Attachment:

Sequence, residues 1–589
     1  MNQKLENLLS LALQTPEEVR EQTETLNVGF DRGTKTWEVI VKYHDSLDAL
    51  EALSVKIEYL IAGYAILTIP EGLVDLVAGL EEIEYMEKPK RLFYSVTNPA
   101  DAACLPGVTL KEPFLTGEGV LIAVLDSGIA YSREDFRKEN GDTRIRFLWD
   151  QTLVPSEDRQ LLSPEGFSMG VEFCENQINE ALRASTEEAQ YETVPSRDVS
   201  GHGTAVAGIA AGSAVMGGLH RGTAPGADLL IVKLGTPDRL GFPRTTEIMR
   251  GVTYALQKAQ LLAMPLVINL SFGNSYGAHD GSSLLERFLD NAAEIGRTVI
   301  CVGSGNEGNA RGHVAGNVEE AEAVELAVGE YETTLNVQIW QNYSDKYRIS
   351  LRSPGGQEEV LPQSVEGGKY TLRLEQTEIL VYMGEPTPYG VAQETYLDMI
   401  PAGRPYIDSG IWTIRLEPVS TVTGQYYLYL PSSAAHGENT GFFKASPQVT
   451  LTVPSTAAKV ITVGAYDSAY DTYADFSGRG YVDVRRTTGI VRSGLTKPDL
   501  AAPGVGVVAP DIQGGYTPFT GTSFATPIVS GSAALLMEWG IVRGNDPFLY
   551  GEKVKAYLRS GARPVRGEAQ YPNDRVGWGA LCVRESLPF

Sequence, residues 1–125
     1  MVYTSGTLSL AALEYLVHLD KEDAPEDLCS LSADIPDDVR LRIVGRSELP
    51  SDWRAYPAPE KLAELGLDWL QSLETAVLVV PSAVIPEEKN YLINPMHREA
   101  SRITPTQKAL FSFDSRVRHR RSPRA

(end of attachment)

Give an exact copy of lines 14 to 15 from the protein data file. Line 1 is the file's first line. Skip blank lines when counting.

Sequence, residues 1–125
     1  MVYTSGTLSL AALEYLVHLD KEDAPEDLCS LSADIPDDVR LRIVGRSELP